Stopping in on a whim to satisfy a salmon and avocado craving, I recently sat down for lunch at Little Catch. I’d seen it from my Didi windows countless times and read several expat blog articles on it. It’s sandwiched on a row of other expat eateries like Brothers Kabab and Eli Falafel. It’s also just across the street from The Avocado Lady.
Billed as an “urban fishmonger and poke shop,” Little Catch offers a variety of fresh filets and cuts. The menu was filled with mouthwatering poke combos like Hawaiian Tuna, Wasabii Shrimp and Umeboshi Octopus with that sour plum zip. My choice for lunch: Sambal Salmon. For the price, the bowl was filled with sizable portions of buttery-smooth salmon, avocado, roasted cashews, tobiko roe and classic, piquant Sambal. The verdict: one of the best poke bowls I’ve had in Shanghai. Consider this a step above Wagas’ poke bowls for a comparable price. Pairing the mellow tartness and light pop of a Heike Mate made for a great lunch combo.
Little Catch makes it easy for you to get your Poke fix with locations in Former French Concession/Xuhui, Jing’an and Xintiandi. Note the Sherpa’s bike in the shot; the driver left out with a full pack from the shop so you know Little Catch is a hit!
Little Catch 247－6 Wulumuqi Middle Road
near Wuyuan Road 近五原路
Shanghai, China 上海
Being a relative newbie to Shanghai has its perks. Your new, built-in social circle of expats shows you the ropes and invites you out to a bevy of F&B gems. You wind up at some solid after-hours hangs, down 1 or 2 more gin & tonics than you would have liked…before you know it, you wind up waking with a banger of a headache and that gnawing need-some-greasy-goodness feeling in your tummy.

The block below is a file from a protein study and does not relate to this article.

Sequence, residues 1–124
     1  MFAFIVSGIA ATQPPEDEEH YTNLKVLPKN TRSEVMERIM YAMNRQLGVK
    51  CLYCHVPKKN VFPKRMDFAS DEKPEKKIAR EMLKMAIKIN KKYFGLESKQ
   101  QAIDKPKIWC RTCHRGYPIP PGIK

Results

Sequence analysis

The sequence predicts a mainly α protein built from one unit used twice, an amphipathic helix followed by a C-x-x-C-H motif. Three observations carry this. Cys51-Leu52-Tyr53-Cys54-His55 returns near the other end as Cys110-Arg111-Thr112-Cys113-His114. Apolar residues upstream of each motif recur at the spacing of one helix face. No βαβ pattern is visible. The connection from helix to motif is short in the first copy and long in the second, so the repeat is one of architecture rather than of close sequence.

On the first new city hangover, a friend and I headed to Munchies in Jing’an on Wuding Lu. The name and decor clue you in to their easy-going, free-spirited nature. The menu is packed with classic American comfort food like pancakes, omelets, burritos, and hamburgers. My friend is a fan of their chocolate peanut butter milkshakes and hamburgers while I opted for the veggie omelet this go round. While not the best brunch/breakfast meal I’ve had here yet, it was certainly filling and budget-friendly.
In my opinion, Mr. Pancake House is a step above. They offer a very similar menu with similar pricing. The unfortunate bit is that whether you dine in or order online, there’s at least an item or two that they no longer offer or have run out of. Such was my luck with I received a call from the store and Sherpa’s that they were out of chocolate chips for my chocolate chip pancakes (!!!) and asked for my approval to substitute with chocolate syrup. The espresso martinis of previous hours begged for the chocolatey, buttery goodness of these pancakes so I forged ahead. Here’s hoping they can make positive changes to improve their stock since their food is consistently flavorful.
Finally, I cannot resist the berry-chocked, lemon zesty, rich, buttery goodness that is the dish you see below. It doesn’t matter if it’s a lazy morning where I don’t feel like making breakfast or if the previous night ended in a dive bar with dance-worn feet and a liter of Asahi, I will always crave this beauty of a stack. Enter Blueberry Lemon-Ricotta Pancakes from Al’s Diner. The menu features many American classics like omelets, skillets (Purgatory Eggs for hot-and-spicy fans), sandwiches and pasta dishes. The Key Lime Pie, priced right and well-balanced, offers a great finish for any Al’s meal. Gracie’s Ice Cream offers a one-two punch for Al’s fans as their unique flavor combinations like miso-caramel and balsamic strawberry shine. I’ve already shortlisted their banana split for my next post-post-party hangover meal.
*In advance of the legendary DJ Jazzy Jeff gracing Shanghai’s Le Baron on November 18, here’s my quick review from a late May visit.*